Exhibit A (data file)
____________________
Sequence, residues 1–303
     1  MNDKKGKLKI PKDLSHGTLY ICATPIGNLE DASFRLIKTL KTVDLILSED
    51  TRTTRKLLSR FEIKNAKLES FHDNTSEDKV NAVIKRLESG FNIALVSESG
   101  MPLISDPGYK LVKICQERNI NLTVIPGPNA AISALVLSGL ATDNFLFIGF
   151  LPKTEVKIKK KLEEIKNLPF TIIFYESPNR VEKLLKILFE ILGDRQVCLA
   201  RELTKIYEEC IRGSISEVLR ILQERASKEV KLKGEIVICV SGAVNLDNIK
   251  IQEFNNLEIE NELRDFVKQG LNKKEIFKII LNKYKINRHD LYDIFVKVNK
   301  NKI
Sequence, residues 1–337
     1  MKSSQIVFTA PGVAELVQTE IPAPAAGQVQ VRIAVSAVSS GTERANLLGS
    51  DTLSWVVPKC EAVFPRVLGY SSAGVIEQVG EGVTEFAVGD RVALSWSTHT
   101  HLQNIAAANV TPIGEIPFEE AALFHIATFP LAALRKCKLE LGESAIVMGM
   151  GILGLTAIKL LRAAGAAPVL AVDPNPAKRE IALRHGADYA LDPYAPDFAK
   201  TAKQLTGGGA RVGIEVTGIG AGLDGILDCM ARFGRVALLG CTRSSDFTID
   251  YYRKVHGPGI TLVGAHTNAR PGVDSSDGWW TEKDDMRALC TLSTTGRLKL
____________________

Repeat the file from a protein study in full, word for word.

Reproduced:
Sequence, residues 1–303
     1  MNDKKGKLKI PKDLSHGTLY ICATPIGNLE DASFRLIKTL KTVDLILSED
    51  TRTTRKLLSR FEIKNAKLES FHDNTSEDKV NAVIKRLESG FNIALVSESG
   101  MPLISDPGYK LVKICQERNI NLTVIPGPNA AISALVLSGL ATDNFLFIGF
   151  LPKTEVKIKK KLEEIKNLPF TIIFYESPNR VEKLLKILFE ILGDRQVCLA
   201  RELTKIYEEC IRGSISEVLR ILQERASKEV KLKGEIVICV SGAVNLDNIK
   251  IQEFNNLEIE NELRDFVKQG LNKKEIFKII LNKYKINRHD LYDIFVKVNK
   301  NKI
Sequence, residues 1–337
     1  MKSSQIVFTA PGVAELVQTE IPAPAAGQVQ VRIAVSAVSS GTERANLLGS
    51  DTLSWVVPKC EAVFPRVLGY SSAGVIEQVG EGVTEFAVGD RVALSWSTHT
   101  HLQNIAAANV TPIGEIPFEE AALFHIATFP LAALRKCKLE LGESAIVMGM
   151  GILGLTAIKL LRAAGAAPVL AVDPNPAKRE IALRHGADYA LDPYAPDFAK
   201  TAKQLTGGGA RVGIEVTGIG AGLDGILDCM ARFGRVALLG CTRSSDFTID
   251  YYRKVHGPGI TLVGAHTNAR PGVDSSDGWW TEKDDMRALC TLSTTGRLKL